3 Common Problems with Enterprise WiFi Networks
Designing, maintaining, and securing a large WiFi network is remarkably difficult, which is why many enterprises struggle to provide their employees with reliable connections.
In the BYOD era, office WiFi is no longer a luxury or a perk — it’s an absolute necessity. But all these smart devices in the workplace that enterprise networks now have to support are placing immense pressure on IT teams, who are struggling to balance connectivity and security for all these connections.
In fact, as McKinsey & Co. points out, “Earlier, a large corporate network might have somewhere between 50,000 and 500,000 endpoints; [now], we are talking about millions or tens of millions of endpoints.” This explosion of connections has not only rendered traditional network management techniques like manually sifting through router logs and TCP/IP packets ineffective, but has also dramatically increased the difficulty of providing robust enterprise cybersecurity.
To help you strengthen and secure your enterprise network in the face of this growing complexity, we’ve outlined three common WiFi issues your IT team should be looking for.
1. Poorly Configured Hardware
Not unlike a gourmet meal, the quality of an enterprise WiFi network ultimately depends on the caliber of its constituent parts and the manner in which they’re assembled. A pinch of salt is essential to any meal, but too much can ruin it — there’s a similar “sweet spot” when it comes to network access points (APs). Too few, and a network will have coverage gaps; too many, and networked devices will have trouble maintaining a steady connection.
A standard, non-mission critical enterprise network can usually get by with one AP for every 3,000 square feet, but that magic number changes depending on the broader arrangement of network components (routers, controllers, etc.) and the type and configuration of the enterprise’s APs.
Incorrect positioning of router antennae can also have an adverse effect on a network’s performance. As a rule of thumb, perpendicular antennae configurations — wherein some antennae are positioned upright and some are positioned flat — tend to work best for 2.4GHz networks, whereas perpendicular, upright, or 45-degree antenna configurations all work equally well for 5GHz networks.
2. Excessive (and Undiagnosed) RFI
No matter how precisely an enterprise deploys its APs, no matter how painstakingly it configures its router antennae, it will all be for naught if the enterprise’s radio-frequency interference (RFI) environment is not taken into account during the network design process. Everything from cordless telephones and Bluetooth-enabled devices to security systems and building controls can use the same 2.4GHz or 5GHz frequencies as typical enterprise networks, which results in routine WiFi disruptions.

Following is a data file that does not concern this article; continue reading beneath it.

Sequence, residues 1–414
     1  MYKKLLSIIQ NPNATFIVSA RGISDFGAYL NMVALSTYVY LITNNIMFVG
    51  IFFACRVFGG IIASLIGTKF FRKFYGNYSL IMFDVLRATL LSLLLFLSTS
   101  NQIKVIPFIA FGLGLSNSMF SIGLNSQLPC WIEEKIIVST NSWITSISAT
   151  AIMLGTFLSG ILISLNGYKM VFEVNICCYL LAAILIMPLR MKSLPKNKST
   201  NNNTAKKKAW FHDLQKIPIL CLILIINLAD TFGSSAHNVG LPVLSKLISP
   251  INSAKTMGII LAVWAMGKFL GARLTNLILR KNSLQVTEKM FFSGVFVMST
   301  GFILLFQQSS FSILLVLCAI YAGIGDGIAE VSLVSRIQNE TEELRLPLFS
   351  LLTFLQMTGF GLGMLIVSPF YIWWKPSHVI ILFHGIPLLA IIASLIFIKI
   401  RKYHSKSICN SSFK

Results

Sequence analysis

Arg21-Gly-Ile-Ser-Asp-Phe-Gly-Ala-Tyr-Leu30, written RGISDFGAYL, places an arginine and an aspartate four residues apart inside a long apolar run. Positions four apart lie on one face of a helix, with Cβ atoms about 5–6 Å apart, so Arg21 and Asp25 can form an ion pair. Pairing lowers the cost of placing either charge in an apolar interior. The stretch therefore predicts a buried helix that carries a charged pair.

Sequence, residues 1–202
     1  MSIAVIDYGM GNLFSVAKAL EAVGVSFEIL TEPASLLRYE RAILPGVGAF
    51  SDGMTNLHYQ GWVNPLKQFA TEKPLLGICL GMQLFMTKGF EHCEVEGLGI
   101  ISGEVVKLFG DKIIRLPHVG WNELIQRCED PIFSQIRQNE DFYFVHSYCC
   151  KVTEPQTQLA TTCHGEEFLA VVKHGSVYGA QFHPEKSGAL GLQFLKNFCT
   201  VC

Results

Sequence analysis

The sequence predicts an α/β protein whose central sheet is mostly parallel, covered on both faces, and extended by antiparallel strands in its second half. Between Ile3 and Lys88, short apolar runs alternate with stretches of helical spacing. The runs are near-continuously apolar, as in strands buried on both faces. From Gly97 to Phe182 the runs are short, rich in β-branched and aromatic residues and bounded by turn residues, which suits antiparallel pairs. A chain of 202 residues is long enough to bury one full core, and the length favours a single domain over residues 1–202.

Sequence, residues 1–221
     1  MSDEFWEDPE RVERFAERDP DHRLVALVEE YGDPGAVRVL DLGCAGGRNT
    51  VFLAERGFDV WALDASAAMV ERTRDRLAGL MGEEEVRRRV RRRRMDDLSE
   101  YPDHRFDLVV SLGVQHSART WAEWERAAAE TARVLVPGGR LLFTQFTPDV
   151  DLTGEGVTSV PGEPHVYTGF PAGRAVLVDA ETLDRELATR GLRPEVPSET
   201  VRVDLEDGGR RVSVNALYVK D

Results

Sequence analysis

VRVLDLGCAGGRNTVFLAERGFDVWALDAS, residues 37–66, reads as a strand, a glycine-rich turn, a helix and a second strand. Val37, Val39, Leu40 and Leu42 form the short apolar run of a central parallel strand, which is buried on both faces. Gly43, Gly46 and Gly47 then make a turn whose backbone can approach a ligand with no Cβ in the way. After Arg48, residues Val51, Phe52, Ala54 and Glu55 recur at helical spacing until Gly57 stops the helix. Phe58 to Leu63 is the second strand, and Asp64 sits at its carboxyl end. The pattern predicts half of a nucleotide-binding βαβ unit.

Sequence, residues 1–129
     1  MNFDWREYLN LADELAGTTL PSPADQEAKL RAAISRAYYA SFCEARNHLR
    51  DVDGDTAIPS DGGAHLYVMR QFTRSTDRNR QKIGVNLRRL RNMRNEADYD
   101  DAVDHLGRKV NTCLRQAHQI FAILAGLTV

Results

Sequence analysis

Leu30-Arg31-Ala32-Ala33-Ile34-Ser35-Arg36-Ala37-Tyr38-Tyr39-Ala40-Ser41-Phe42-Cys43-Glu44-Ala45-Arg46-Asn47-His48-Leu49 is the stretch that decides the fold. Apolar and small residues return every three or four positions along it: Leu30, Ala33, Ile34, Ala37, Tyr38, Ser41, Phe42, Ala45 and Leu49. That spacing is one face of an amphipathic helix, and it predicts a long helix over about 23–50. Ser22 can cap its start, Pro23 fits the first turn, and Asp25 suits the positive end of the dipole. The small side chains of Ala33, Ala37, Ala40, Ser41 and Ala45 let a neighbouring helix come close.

What’s more, dense building materials like metal, concrete, brick, marble, and tile, as well as large furniture like bookshelves, appliances, and filing cabinets all generate minimal but collectively impactful amounts of RFI. While these kinds of connectivity-impairing features are easy enough to spot with the naked eye, others — rival APs, other nearby WiFi networks, etc. — are not, and can only be diagnosed through a comprehensive site survey.
3. Short-Range Cyberattacks
Designing and deploying a high-performing enterprise network is made even more difficult once cybersecurity considerations are factored into the equation.
For instance, a bad actor can set up a rogue AP (or an entire ad-hoc network) in close proximity to an enterprise’s WLAN and attempt to trick employees’ devices into sharing valuable data with the spoofed system. A malicious party who can get within range of an enterprise’s WLAN can also attempt to passively intercept transmissions that are sent across the network. Robust cybersecurity protocols are fairly effective at preventing such digital eavesdropping, but with the rise of KRACK attacks, the balance might be tipping in cybercriminals’ favor.
Finding the Right Partner
For enterprises struggling with underperforming or insufficiently secure networks, partnering with a seasoned networking expert like Turn-key Technologies (TTI) is an easy, effective way to turn things around. With nearly three decades of industry experience, multiple industry certifications, and numerous accolades, TTI has the know-how necessary to help any enterprise take their network performance and security to the next level.